This error will occur when java tries to access an object which has not yet been instantiated. So, for example, if you declare a field

Joystick js;

you must make sure to say

js = new Joystick(0);

otherwise, a NullPointerException will be thrown.

The more low-level reason behind this error is that behind the scenes, objects are essentially memory addresses. When declared and not instantiated, the object "points to" the memory address 0 (i.e. null). Unfortunately (or perhaps fortunately), attempts to access data stored at 0 are illegal (the java police will arrest you). So an address must be assigned. The keyword new does just that: it allocates a space in memory and can be used to store it in an object. If you know someone who knows C or C++, they might be able to explain this better.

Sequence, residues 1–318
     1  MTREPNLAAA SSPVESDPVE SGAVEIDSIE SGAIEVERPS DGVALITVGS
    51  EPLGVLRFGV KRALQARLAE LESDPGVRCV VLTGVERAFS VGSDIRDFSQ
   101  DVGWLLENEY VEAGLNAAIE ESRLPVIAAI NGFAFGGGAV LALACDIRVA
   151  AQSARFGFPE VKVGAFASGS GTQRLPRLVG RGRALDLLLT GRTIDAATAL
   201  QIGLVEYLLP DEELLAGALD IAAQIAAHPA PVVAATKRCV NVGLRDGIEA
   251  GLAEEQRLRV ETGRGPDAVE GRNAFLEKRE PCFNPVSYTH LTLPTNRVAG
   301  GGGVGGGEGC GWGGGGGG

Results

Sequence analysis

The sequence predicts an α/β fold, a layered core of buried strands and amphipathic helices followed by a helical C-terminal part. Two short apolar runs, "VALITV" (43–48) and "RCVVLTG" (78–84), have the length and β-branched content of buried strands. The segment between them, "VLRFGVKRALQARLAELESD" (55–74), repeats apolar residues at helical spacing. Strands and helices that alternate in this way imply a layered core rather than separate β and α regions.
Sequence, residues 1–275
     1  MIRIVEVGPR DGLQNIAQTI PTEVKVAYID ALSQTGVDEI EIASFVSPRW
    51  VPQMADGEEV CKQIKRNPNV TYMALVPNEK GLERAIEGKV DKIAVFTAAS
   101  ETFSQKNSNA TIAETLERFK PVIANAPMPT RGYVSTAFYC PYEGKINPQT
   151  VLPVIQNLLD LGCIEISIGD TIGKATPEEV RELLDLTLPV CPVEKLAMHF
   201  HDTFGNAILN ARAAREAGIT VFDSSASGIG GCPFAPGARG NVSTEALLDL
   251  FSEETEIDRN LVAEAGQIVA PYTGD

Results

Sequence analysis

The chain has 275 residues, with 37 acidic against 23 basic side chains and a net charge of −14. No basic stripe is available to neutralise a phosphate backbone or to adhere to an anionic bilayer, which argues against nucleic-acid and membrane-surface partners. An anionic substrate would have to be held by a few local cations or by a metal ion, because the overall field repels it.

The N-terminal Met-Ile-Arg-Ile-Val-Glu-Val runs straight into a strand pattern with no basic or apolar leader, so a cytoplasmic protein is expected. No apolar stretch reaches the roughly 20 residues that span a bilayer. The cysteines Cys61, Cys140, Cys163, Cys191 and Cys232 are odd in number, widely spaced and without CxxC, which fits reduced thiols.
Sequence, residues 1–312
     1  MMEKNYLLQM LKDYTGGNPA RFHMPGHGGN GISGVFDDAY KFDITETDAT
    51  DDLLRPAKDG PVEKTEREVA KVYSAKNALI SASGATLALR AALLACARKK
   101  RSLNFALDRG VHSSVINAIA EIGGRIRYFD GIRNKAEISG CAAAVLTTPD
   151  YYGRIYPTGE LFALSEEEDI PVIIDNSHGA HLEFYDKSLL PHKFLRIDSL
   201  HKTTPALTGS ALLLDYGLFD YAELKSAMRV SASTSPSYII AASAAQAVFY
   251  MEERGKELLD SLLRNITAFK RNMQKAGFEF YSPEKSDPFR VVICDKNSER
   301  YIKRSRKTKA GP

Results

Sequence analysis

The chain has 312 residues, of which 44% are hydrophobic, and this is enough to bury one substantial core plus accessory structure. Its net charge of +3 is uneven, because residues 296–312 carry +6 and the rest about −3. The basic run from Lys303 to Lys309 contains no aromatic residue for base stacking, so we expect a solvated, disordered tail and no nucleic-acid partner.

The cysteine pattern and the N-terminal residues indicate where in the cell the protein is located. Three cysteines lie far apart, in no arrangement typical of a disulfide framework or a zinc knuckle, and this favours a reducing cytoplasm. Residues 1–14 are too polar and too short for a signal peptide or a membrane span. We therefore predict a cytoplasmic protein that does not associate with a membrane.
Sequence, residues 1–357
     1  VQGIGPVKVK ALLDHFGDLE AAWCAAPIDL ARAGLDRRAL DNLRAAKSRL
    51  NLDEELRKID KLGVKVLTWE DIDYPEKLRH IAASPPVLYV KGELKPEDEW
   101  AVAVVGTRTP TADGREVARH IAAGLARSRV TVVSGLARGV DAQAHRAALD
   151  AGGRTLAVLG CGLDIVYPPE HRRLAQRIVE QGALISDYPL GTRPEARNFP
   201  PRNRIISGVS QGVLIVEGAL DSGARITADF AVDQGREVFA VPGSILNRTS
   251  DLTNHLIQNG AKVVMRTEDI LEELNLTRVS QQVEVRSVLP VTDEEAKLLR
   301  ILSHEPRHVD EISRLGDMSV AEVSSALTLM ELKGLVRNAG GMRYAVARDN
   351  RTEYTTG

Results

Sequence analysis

How to Fix It

This is an easy but tedious fix. Make sure that every time you use a variable, it has been instantiated previously. It is actually pretty easy to forget to do this with class variables, so make sure that in a method that always run (such as the init methods), each variable is initialized. Good luck...